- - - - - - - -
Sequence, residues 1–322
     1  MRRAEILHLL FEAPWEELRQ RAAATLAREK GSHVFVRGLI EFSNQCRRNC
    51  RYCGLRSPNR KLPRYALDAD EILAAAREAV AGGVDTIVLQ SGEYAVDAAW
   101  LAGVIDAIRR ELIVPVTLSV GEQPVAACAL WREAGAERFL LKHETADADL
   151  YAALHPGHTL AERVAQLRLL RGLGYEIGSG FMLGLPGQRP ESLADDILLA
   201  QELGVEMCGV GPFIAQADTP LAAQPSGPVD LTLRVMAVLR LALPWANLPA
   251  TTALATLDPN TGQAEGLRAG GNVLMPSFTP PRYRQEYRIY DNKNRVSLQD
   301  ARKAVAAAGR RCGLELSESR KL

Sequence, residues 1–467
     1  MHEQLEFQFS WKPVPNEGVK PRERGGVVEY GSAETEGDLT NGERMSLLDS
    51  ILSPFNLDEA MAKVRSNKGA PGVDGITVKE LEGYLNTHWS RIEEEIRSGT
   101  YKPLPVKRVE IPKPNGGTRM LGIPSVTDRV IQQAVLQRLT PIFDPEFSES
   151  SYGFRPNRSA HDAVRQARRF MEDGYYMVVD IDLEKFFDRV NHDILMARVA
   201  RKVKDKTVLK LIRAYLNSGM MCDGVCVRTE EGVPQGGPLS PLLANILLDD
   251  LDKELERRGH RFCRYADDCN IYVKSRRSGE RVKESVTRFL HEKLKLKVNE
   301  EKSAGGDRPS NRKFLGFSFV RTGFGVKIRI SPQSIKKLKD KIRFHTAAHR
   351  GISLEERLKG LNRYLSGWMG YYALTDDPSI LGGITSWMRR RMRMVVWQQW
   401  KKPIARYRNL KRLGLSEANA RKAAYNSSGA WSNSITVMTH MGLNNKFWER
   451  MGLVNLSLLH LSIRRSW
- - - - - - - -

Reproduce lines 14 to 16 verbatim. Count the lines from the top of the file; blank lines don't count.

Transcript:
   201  RKVKDKTVLK LIRAYLNSGM MCDGVCVRTE EGVPQGGPLS PLLANILLDD
   251  LDKELERRGH RFCRYADDCN IYVKSRRSGE RVKESVTRFL HEKLKLKVNE
   301  EKSAGGDRPS NRKFLGFSFV RTGFGVKIRI SPQSIKKLKD KIRFHTAAHR